Dorothy Rabinowitz
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For 177 reviews, this critic has graded:
  • 70% higher than the average critic
  • 2% same as the average critic
  • 28% lower than the average critic
On average, this critic grades 5.7 points higher than other critics. (0-100 point scale)

Dorothy Rabinowitz's Scores

Average review score: 70
Highest review score: 100 True Detective: Season 1
Lowest review score: 10 The Millers: Season 1
Score distribution:
  1. Negative: 13 out of 177
177 tv reviews
    • 96 Metascore
    • 100 Dorothy Rabinowitz
    Television's best drama series is, in short, back with all that was delectable about season one on vivid display again-first-class writing, sterling performances, rocketing suspense.
    • 96 Metascore
    • 100 Dorothy Rabinowitz
    This season's "Sopranos" is quite simply dazzling in its inventiveness, its reach, and one other aspect -- its capacity to pound audiences emotionally as the series has never before done.
    • 92 Metascore
    • 90 Dorothy Rabinowitz
    The new season returns with a full roster of the vivid characters who have distinguished the series from the outset, and in ways more important than the cultural detail for which Mad Men has been rightly praised. They're smart, they're self-seeking, they're recognizably human.
    • 91 Metascore
    • 100 Dorothy Rabinowitz
    Once you watch the first episode, it's going to be hard standing the wait for the next.
    • 91 Metascore
    • 100 Dorothy Rabinowitz
    There is no mystery about the potency of this series, slathered in wit, powered by storytelling of a high order.
    • 88 Metascore
    • 90 Dorothy Rabinowitz
    The new season--suspenseful as ever, more brutal in its violence, perhaps, and more expansive in its reach into history--easily upholds the standard of the first.
    • 88 Metascore
    • 80 Dorothy Rabinowitz
    A tartly written number, (by Paul Feig) that is amusing and frequently hard-eyed in its look back at certain not so dear old school days. [27 Sept 1999, p.A32]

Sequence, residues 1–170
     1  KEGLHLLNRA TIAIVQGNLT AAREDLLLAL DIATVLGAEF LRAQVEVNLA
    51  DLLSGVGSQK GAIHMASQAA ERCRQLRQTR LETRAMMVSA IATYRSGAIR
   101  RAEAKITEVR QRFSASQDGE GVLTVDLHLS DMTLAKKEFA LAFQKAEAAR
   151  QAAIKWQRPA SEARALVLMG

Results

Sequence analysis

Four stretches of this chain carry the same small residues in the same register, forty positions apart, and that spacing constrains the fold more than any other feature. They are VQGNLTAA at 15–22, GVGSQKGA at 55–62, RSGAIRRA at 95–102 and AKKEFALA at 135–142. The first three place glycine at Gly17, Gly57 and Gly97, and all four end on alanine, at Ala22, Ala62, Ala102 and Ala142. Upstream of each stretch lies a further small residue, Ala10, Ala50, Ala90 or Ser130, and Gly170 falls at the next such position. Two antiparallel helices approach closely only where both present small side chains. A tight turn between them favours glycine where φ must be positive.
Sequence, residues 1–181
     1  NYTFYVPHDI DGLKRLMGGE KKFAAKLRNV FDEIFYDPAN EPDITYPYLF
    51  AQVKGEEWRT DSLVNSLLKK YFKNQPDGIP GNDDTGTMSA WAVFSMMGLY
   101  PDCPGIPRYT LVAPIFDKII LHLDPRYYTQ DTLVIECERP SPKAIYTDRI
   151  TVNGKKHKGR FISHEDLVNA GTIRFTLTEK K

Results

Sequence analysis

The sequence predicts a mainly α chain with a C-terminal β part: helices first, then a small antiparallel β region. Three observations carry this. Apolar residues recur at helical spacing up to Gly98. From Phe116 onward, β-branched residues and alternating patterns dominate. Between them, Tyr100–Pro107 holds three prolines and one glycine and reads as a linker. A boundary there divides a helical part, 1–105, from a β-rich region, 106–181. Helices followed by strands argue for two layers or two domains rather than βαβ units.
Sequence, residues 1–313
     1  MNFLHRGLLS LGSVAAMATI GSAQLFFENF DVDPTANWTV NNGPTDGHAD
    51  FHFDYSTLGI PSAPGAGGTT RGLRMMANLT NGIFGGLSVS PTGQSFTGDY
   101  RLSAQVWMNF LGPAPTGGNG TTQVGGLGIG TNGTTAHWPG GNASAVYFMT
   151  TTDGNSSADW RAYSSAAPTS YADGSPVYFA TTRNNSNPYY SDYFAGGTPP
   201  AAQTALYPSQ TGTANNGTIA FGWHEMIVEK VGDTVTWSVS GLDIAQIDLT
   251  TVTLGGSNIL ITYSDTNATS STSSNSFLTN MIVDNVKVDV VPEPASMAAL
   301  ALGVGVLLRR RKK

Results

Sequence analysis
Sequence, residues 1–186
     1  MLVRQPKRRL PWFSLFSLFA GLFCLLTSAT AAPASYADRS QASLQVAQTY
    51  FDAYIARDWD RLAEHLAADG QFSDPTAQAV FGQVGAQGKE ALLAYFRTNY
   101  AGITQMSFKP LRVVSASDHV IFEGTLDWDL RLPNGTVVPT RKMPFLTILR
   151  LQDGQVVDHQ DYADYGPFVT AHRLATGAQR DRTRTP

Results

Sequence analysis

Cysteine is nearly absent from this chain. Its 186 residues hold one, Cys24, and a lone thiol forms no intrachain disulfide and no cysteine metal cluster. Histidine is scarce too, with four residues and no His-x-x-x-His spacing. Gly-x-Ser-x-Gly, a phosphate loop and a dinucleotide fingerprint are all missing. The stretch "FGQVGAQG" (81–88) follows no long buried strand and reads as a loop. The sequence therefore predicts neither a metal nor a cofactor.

• Wall Street Journal
    • 88 Metascore
    • 80 Dorothy Rabinowitz
    All are reintroduced in a premiere episode that lumbers along, overpopulated, burdened by the weight of its ambitions, flattened by misbegotten detours--but one, nevertheless, that surges to life in the end.
    • 87 Metascore
    • 80 Dorothy Rabinowitz
    For their part, Messrs. Levitan and Lloyd set their ambitious sights on a rare kind of comedy, and they have, it appears, found the gold.
    • 87 Metascore
    • 100 Dorothy Rabinowitz
    The drama unfolds in a series of flashbacks separated by many years. Hart and Cohle, no longer young, end up reporting on the past in separate interviews—a formula carried off with subtlety and high intelligence, like everything else in this detective story.
    • 40 Metascore
    • 70 Dorothy Rabinowitz
    Slick and entertaining.
    • 86 Metascore
    • 100 Dorothy Rabinowitz
    Taken together there is in these 5 1/2 hours, breathtaking in their scope and detail, nothing approaching a dull moment.
    • 86 Metascore
    • 90 Dorothy Rabinowitz
    It was impossible to imagine anything like the gripping power of Life According to Sam.... Not long into the film, it becomes difficult to look at anyone but Sam--who has by sheer force of his intelligence, his unmistakable assurance, become a magnetic presence.
    • 85 Metascore
    • 90 Dorothy Rabinowitz
    Its vivid, cliché-free writing has always been In Treatment's singular strength. That's even truer in its riveting new season--no small accomplishment.
    • 84 Metascore
    • 80 Dorothy Rabinowitz
    "House of Cards" is not without its flaws -- the occasionally heavy dribblings of symbolism, for instance, as exemplified by the regular appearance of gnawing rats. We could have figured out, without the rats, that this is black comedy. The last episode, further, is so written as to produce an Urquhart of considerably flattened character. By this time, however, it has been a superb ride for so long that no one will care. [25 Mar 1991]
    • Wall Street Journal
    • 84 Metascore
    • 90 Dorothy Rabinowitz
    What distinguishes this drama from countless mysteries about missing young women gone to terrifying deaths is the unrelenting focus, complex and haunting, on the family left behind. A riveting tale with a hunt for the killer that's no less compelling.
    • 84 Metascore
    • 100 Dorothy Rabinowitz
    The vibrant brew of upstairs-downstairs relationships is more savory now, the characters more complicated.
    • 83 Metascore
    • 90 Dorothy Rabinowitz
    It's not often that television with a scope so novelistic--so ambitious--comes along, and not often, either, that it yields drama so sterling.
    • 81 Metascore